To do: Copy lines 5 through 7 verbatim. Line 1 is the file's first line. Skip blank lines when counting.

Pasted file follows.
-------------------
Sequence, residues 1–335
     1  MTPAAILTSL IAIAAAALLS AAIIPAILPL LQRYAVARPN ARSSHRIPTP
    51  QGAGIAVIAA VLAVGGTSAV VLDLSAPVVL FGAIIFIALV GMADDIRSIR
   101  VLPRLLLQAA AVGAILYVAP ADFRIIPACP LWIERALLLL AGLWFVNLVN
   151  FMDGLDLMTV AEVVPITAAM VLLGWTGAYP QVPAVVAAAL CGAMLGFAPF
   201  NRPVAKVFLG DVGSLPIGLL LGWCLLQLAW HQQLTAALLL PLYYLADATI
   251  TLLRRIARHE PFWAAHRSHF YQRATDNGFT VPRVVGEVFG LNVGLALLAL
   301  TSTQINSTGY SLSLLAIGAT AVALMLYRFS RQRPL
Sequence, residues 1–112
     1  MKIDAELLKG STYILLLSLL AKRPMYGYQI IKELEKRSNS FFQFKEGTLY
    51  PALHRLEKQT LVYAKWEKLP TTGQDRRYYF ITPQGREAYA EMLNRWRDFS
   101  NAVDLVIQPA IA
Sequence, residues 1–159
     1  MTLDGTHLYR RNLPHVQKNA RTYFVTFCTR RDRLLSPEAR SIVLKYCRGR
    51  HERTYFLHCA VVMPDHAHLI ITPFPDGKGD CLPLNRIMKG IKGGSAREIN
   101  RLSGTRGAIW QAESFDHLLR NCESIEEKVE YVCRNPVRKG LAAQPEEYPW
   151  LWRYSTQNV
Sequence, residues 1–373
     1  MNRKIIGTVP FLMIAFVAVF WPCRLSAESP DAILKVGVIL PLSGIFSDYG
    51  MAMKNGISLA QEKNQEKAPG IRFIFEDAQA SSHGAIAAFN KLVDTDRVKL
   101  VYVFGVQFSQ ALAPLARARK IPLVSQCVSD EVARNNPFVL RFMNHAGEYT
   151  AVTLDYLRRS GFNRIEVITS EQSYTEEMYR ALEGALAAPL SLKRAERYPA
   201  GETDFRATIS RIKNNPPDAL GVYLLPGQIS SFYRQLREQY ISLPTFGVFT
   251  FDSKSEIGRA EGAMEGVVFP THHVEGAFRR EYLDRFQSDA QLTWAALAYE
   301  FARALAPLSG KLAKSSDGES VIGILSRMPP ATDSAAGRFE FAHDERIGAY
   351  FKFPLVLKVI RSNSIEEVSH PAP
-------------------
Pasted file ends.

   151  FMDGLDLMTV AEVVPITAAM VLLGWTGAYP QVPAVVAAAL CGAMLGFAPF
   201  NRPVAKVFLG DVGSLPIGLL LGWCLLQLAW HQQLTAALLL PLYYLADATI
   251  TLLRRIARHE PFWAAHRSHF YQRATDNGFT VPRVVGEVFG LNVGLALLAL